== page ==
Matthew Perry knew his legacy would always be linked to “Friends,” but he wanted to be remembered for his work off-camera.
The actor, who was best known for playing the character Chandler Bing on the legendary sitcom, was found dead in his hot tub Saturday at his home in Los Angeles from what appeared to be a drowning incident. He was 54.
The “Whole Nine Yards” star was very public about his struggles with alcoholism and addiction, and candidly wrote about it in his 2022 memoir, “Friends, Lovers and the Big Terrible Thing.” During his promotional tour for his book last year, Perry told The New York Times that he had been sober for over a year and was sponsoring three members of Alcoholics Anonymous.
Due to Perry’s well-known long history of substance abuse issues, a clip from an interview Perry did with the the “Q With Tom Power” podcast during that same promotional tour resurfaced on social media over the weekend. The viral clip was a result of Power asking Perry 44 minutes into the interview about a quote from his memoir.
“You said in the book, ‘I think you have to have all your dreams come true to realize they’re the wrong dreams,’” Power read, and then asked Perry: “What are the dreams now?”
In response to the question, Perry decided to first speak about the thing he likes the most about himself.
“The best thing about me, bar none, is if someone comes up to me and says, ‘I can’t stop drinking, can you help me?’ I can say, ‘yes,’ and follow up and do it. That’s the best thing,” Perry said.
“And I’ve said this for a long time — when I die, I don’t want ‘Friends’ to be the first thing that’s mentioned. I want that to be the first thing that’s mentioned, and I’m going to live the rest of my life proving that.”
— Jamie East (@jamieeast) October 29, 2023
Perry did do a lot to help others on their sobriety journeys.
In 2013, Perry turned his Malibu home into a sober living facility for men, which he called the Perry House. He also wrote and starred in the play “The End of Longing,” which premiered in London’s West End theater district in 2016.
“[The play] will be remembered for an incredibly powerful monologue spoken by Perry’s character Jack set in an Alcoholics Anonymous meeting,” Adam Bloodworth, a theater critic for the Independent who saw Perry’s play, wrote. “Addressing the audience and breaking the fourth wall, he opened Jack up in a way that felt raw and honest.”
In Perry’s memoir (via TheWrap) he wrote that his play was “a personal message to the world, an exaggerated form of me as a drunk.”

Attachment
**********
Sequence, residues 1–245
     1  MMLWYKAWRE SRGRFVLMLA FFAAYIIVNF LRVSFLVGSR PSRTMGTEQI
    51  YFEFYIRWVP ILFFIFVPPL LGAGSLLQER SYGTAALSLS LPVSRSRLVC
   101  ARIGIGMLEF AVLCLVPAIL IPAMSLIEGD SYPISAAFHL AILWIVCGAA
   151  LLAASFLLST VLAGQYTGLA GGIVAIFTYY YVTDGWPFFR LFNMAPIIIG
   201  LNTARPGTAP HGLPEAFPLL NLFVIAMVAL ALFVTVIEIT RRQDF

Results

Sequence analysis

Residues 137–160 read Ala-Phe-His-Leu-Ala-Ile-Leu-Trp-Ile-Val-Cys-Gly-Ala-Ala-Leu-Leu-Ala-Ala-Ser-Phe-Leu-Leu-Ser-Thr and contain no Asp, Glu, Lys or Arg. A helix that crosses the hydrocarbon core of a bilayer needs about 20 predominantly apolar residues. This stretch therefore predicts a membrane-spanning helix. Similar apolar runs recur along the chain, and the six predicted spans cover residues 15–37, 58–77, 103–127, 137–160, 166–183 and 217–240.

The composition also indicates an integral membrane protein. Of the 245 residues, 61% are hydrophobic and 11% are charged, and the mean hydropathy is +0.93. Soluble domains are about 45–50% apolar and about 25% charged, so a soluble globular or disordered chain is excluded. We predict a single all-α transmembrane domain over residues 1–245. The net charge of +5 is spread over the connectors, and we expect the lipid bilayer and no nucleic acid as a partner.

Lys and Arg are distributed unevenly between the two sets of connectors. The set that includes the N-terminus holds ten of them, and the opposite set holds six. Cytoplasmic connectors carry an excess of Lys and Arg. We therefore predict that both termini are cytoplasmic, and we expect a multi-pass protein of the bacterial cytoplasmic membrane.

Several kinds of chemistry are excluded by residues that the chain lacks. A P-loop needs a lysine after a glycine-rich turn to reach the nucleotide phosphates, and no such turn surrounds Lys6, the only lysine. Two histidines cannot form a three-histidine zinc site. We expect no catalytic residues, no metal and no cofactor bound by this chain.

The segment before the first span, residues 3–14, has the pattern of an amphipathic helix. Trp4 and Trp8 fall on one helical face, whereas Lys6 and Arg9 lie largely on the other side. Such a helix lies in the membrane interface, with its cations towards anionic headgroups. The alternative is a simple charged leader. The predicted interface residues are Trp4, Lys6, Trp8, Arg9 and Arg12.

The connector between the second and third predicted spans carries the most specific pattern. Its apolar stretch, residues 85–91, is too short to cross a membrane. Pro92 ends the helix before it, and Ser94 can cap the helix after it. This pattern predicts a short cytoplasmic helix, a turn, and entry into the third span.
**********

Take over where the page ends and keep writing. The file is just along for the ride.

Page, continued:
“I had something important to say to people like me, and to people who love people like me,” he added.
Perry told Power during the same 2022 interview that his memoir was also an attempt to help other addicts.
Perry explained to Power that he always dreamt of becoming famous because he thought if he did, it would fix all his problems. But Perry wanted to nail down the message in his memoir that even if you achieve all your dreams, you still have the same demons.
“That message is very powerful because I thought it would fix everything and, you know, it didn’t,” Perry told Power. “I still wanted to drink every day.”
“Alcoholism didn’t care about that. Alcoholism did not care that I was on ‘Friends’ and alcoholism did not care about any of that shit,” Perry said 28 minutes into the interview. “Alcoholism wants you alone, it wants you sick, and then it wants to kill you.”
He then compared alcoholism to the Joker.
“Because the Joker just wants to see the whole world burn, and so does alcoholism and addiction. And it took over decades of my life, and I pray to you, if you worry you’re having this problem, or you know someone who is, raise your hand, find somebody who’s smarter than you about this and talk to them. And be honest about it because the secrets are what kills us.”
What caused Perry to drown on Saturday is still unknown. Officials said no drugs were found on the scene of his death, though a toxicology report has been requested in a bid to determine Perry’s cause of death, NBC News reported.
Need help with substance use disorder or mental health issues? In the U.S., call 800-662-HELP (4357) for the SAMHSA National Helpline.